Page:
Inside Google X: What’s Cooking in Google’s Secret Lab

Inside Google X: What’s Cooking in Google’s Secret Lab

June 10

Google has quite a few departments working on a lot of interesting stuff. Some of the coolest of those inventions are being developed by Google X. Come to find out, Google X lives in a quasi-secret lab that exists to create out of the box products that make web search seem elementary. Since there’s a great chance that several of these concepts will never see life outside of the facility they’re born in, Google probably isn’t depending on this so-called “skunk-works” department as a major revenue driver but that doesn’t mean it can’t eventually become a force beyond research and development.

Google X may be operating on the down low, so to speak, but some of its ideas have already been leaked from the lab. You may have actually heard of a few.

Google Glass

Google Glass is easily the most well-known concepts to the come out of the Google X lab. It could end up being one of the most successful as well. The X team designed Glass to recreate the smartphone experience in a pair of augmented realty specs that fit over your face in mounted headset style. This wearable device allows the user to do everything that’s possible on a mobile device, including make calls, browse the web, take pictures, retrieve directions, and all that good stuff.

Google still hasn’t provided an official release date, but with useful applications ranging from gaming to healthcare, users and industries are chomping at the bits to get their hands on this one.

Space Elevators

Google will probably outlive most of us, but not everything it cooks up is a hit. Some, like the space elevator initiative, don’t even get off the ground. Rich De Vaul, who heads up the Google X Rapid Evaluation squad, confirmed attempting to build a machine that zooms you from the ground to orbit using virtually no energy. The project offers the promise of cutting the cost to get to space by quite a bit, but customizing the super strong and reliable cable needed to pull the car has proved to be a challenge. So for now at least, Google-branded space elevators are on the shelf.

Auto-Pilot Cars

I heard about this one on my sports radio show. We’ve all seen it in Knight Rider and Bond movies. Google X is reportedly trying to get the greenlight on introducing automated driving technology into the streets. The team claims to have driven hundreds of thousand miles without an accident in autonomous test runs. For Google, the challenge is hashing out the legalities and finding automakers who are willing to partner up on the production side.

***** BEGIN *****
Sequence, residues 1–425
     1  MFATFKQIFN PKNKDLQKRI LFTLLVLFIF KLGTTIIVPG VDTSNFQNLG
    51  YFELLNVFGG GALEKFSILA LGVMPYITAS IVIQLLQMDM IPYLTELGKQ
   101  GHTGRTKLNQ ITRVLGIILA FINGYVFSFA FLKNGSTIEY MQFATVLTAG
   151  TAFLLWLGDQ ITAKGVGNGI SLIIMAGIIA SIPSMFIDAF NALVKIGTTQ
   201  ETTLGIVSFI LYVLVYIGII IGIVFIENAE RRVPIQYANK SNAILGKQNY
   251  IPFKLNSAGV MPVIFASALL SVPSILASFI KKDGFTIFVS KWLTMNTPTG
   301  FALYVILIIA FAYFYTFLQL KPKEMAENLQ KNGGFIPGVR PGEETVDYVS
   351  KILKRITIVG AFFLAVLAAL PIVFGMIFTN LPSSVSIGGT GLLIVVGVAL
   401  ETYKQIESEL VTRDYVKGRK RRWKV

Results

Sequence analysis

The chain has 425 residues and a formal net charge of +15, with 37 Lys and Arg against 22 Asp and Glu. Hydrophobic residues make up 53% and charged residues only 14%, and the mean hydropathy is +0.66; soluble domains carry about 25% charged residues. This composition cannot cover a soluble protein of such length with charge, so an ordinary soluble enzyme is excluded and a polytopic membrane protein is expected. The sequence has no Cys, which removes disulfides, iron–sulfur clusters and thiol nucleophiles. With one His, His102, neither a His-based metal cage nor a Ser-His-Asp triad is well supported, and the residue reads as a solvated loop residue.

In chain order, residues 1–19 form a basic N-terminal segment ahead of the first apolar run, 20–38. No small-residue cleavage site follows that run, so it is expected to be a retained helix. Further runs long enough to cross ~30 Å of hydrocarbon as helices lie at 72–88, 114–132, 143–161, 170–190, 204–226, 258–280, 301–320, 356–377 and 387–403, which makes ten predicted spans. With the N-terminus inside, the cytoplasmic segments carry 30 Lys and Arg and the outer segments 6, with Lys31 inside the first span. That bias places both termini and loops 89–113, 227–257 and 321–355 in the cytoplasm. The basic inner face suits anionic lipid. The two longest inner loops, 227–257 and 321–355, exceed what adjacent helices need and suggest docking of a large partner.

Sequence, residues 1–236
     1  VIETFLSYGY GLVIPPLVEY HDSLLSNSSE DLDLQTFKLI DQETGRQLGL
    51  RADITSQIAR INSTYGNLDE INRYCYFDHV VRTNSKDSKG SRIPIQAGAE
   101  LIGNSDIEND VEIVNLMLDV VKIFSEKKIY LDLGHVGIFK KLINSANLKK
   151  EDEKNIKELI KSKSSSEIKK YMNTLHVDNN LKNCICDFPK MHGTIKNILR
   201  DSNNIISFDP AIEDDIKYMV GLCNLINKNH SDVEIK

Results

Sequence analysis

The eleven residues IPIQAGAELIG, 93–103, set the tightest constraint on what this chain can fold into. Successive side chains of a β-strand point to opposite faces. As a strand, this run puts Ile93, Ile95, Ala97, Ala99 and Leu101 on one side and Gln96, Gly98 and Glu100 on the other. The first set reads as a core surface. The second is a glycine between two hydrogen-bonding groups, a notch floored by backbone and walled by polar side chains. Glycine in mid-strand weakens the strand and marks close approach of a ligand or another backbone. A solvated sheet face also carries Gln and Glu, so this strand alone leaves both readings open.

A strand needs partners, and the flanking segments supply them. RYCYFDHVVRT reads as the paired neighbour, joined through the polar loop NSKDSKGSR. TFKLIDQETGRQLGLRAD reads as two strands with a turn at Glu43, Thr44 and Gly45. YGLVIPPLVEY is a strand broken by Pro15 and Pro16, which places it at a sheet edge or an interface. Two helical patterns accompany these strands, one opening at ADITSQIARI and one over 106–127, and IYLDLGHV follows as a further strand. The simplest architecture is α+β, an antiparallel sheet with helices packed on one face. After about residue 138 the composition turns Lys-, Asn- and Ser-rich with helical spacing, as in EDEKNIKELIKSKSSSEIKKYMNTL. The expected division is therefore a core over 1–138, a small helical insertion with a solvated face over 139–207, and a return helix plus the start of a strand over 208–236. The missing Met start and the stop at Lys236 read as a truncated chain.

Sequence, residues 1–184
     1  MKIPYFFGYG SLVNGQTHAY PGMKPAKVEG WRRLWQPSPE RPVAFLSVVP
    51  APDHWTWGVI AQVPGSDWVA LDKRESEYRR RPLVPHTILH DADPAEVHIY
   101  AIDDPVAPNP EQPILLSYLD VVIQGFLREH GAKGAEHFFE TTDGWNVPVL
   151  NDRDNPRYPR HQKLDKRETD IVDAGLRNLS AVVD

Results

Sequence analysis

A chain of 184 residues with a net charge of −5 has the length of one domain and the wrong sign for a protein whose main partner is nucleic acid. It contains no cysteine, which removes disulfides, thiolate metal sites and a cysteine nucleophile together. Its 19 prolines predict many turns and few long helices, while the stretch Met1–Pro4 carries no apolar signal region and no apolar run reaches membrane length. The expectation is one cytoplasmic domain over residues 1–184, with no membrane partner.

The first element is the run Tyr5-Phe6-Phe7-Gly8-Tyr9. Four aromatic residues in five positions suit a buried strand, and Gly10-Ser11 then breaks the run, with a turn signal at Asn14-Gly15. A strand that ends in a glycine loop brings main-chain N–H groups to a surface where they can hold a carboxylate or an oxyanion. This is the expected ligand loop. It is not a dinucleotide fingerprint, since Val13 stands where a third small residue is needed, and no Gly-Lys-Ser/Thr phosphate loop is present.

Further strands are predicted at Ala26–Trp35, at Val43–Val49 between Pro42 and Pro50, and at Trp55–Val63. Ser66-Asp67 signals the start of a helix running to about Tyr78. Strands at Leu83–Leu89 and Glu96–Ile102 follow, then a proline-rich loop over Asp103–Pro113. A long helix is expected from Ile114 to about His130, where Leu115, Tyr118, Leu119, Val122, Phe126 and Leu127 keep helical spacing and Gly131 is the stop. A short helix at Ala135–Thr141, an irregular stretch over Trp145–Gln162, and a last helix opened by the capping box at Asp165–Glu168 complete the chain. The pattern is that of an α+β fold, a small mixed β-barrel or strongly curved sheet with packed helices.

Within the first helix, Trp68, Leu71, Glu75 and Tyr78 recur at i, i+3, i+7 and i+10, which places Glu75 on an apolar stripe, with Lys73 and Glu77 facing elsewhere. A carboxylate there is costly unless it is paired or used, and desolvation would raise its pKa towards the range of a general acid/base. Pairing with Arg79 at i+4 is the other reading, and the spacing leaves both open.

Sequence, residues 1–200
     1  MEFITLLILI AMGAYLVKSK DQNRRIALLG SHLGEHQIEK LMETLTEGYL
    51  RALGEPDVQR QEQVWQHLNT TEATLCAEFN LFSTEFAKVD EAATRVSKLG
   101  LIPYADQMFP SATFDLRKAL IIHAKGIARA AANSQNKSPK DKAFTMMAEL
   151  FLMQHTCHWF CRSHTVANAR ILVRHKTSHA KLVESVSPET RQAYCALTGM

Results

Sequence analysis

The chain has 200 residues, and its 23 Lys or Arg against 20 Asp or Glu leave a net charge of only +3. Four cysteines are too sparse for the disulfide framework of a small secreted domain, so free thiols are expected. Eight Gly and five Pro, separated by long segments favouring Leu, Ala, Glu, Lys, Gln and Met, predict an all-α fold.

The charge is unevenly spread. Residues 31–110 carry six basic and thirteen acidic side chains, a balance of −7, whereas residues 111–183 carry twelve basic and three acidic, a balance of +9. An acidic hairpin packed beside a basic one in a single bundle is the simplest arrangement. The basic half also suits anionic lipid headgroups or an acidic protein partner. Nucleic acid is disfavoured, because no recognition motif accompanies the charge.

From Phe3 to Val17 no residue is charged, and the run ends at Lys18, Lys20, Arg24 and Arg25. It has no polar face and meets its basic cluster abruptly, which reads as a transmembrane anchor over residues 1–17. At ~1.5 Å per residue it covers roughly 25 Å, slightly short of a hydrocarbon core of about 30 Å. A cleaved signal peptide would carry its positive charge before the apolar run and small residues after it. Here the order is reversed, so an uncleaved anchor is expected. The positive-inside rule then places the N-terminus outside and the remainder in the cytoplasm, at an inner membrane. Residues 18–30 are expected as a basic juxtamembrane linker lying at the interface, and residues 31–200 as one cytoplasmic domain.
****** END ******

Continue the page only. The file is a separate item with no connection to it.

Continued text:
There’s no brake pedal or steering wheel, so it would probably be a while before I hop in one of these things. As for Google, the feeling is that the search giant is leading the way forward in the driver-less car trend.

Smart Appliances

Google is joining the group of companies looking to incorporate smart device technology into everyday appliances. Through the Android@Home framework, the X team is said to be working on developments that allow refrigerators, air conditioners, and other household items to interface with smartphones and tablets. Your fridge lets you know you’re out of milk. App support lets you create grocery lists right in the memory and pull it up on your phone.

The goal is to give the consumer some level of control over every connected gadget in their home from a centralized device. Anything is possible with Android at the helm, but Google will be challenged in delivering smart technology that is on par with the current wave of refrigerators, garage door openers, and other slick smart appliances.

Google Genie

Google’s stealth crew is working on some technology that could make the construction industry a long-term client. The project named Genie is described as a cloud-based platform that allows architects and engineers to collaborate on designs. They’ll reportedly have access to analytical and simulation tools that help in planning the construction of skyscrapers and other ginormous buildings. Genie is projected to help cut up to 50 percent in production costs and time, while potentially generating $160 billion annually in revenue. Word is that the project received rave reviews in early testing and the concept is currently up for development.

The Google X team doesn’t necessarily get the sexy jobs, but one day in the near future, their contributions could have global implications. Think you’ve got what it takes to develop the technology of tomorrow? Core77 explores the qualities hiring manager Ricardo Prada looks for in recruiting new Google X researchers and developers.

Photo Credit: Steve Jurvetson via Flickr